Buddhism has taken firm roots in Australia during the last few decades, due in part to people migrating to Australia from various Buddhist cultures and their 2nd generation, who either moved here as children or were born here. It is also due in part to the genuine interest in these precious teachings and way of life shown by Australian's of all backgrounds. Some of whom have deep virtuous roots from practising the Dhamma in previous lives and others who are totally new to the Dhamma, having a strong attraction to the peace, harmony and understanding that results from the Buddhist practises of morality, meditation and wisdom. Therefore it is essential that the Dhamma be taught in the English language, using terminology and expression that can be clearly understood.
Every walk of life, culture and language has various common sayings and one of the most commonly used in Australia is 'No Worries, Mate'! Have you ever thought what 'no worries, mate' could possibly mean if investigated and analysed from a Buddhist perspective? In this article we will explore and endeavour to shed new light on the meaning of this common Australian saying.
To begin, we will break it up into two parts; 1) 'no worries', and 2) 'mate'. Briefly, to have 'no worries' means to have a mind free of worry, fear, anxiety, regret and the like, and therefore, a mind free of the causes of these disturbing emotions. That is, a mind free of ignorance, attachment and aversion. Whilst 'mate' means friend, partner or relative.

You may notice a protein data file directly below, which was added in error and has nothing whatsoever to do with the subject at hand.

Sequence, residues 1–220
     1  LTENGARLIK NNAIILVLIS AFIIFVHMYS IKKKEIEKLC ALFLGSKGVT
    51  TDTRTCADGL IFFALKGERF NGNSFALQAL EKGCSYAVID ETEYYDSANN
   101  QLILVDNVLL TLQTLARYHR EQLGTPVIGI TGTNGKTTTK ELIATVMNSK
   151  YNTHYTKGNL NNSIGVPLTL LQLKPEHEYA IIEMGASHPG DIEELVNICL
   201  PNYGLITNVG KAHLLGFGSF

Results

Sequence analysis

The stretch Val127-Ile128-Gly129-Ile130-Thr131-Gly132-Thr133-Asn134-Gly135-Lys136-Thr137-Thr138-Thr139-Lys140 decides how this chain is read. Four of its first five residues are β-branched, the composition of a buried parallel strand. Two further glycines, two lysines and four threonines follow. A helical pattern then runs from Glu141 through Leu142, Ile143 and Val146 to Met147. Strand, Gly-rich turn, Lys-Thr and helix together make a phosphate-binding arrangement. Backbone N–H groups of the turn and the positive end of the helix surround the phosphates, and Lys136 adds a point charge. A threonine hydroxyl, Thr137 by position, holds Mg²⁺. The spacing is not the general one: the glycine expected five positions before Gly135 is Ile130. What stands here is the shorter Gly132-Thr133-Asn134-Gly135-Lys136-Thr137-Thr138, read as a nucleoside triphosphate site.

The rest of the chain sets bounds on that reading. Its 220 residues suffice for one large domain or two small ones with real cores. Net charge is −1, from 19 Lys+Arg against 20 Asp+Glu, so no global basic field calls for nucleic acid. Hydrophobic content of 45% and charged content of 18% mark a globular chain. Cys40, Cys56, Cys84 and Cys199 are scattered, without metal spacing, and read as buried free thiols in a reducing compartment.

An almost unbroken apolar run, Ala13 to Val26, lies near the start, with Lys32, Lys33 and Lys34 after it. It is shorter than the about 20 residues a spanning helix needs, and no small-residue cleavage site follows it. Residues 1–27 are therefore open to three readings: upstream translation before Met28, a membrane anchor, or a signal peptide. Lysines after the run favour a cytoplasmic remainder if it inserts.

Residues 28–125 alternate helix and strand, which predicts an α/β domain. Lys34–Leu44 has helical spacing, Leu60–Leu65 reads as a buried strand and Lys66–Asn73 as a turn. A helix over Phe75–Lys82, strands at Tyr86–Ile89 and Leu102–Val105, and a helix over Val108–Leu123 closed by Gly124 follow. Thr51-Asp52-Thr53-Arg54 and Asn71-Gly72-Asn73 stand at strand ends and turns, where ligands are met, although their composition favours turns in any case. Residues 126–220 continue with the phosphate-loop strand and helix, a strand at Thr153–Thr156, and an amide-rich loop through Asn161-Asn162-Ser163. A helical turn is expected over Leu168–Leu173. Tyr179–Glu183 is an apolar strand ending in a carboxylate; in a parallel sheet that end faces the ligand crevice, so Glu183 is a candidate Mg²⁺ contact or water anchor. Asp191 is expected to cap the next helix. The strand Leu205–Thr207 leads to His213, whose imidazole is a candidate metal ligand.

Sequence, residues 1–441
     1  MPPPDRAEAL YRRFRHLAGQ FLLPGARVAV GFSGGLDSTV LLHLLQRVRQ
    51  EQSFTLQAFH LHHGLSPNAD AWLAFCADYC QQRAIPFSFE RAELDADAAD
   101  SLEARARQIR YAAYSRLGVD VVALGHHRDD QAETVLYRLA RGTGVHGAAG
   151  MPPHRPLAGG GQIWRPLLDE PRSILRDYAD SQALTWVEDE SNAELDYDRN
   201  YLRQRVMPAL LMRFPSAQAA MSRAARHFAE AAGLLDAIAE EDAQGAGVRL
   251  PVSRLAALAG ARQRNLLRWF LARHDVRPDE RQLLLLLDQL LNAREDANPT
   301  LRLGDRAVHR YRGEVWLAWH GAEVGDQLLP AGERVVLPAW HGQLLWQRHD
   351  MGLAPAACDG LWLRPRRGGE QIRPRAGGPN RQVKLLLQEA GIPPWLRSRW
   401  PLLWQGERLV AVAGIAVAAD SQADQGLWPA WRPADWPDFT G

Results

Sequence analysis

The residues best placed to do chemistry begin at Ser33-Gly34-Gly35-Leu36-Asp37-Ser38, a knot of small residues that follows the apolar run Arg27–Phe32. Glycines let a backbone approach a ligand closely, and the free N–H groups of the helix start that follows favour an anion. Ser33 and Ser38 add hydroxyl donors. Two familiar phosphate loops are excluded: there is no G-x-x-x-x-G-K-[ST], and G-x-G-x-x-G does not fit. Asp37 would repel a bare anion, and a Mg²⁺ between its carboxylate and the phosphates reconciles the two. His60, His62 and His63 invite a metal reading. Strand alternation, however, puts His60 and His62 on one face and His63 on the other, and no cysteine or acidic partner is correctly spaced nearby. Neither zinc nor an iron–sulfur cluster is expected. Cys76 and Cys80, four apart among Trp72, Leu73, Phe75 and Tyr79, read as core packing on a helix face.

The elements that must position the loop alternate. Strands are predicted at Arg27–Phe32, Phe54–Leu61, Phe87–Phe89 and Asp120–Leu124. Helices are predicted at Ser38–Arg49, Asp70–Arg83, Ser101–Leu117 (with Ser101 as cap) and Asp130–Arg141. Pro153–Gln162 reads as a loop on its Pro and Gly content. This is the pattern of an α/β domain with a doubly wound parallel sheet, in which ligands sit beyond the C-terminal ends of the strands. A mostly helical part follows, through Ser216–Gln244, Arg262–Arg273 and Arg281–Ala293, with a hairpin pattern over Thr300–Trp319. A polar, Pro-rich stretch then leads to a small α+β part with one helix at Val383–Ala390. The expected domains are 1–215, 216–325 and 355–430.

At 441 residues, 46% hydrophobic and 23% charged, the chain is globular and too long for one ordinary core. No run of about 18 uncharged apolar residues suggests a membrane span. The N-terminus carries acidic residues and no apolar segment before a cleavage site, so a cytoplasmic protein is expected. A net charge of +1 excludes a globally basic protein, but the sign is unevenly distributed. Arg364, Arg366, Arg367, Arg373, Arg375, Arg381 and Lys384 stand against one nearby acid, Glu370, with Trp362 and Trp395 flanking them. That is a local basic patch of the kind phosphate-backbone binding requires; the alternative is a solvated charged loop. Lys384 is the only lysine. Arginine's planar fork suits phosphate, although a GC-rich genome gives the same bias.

Now let's have a look at how we can decrease and eventually eradicate worry and it's causes from our minds by applying the medicine of the Dhamma. By practising morality, meditation and wisdom.
To live morally means to avoid speaking non-truth, slandering or speaking to divide, using harsh language and engaging in meaningless gossip. We should speak the truth, speak to unite, skilfully, sweetly and meaningfully. It also means to avoid acting in any way that brings harm. To avoid destroying life, taking what is not freely given and to avoid harmful activities in our relations with others, and instead, to respect life, be generous and act with care, love and friendship. In whatever we do in life, whether it's work, study, sport or others types of hobbies, we should be harmless, non-aggressive and conscientious.
With pure intentions, we should also engage in the practise of meditation with enthusiastic effort to maintain wholesome thoughts and attitudes, relinquishing unwholesome thoughts and attitudes, developing and maintaining the mindfulness and concentration that leads to insight and understanding.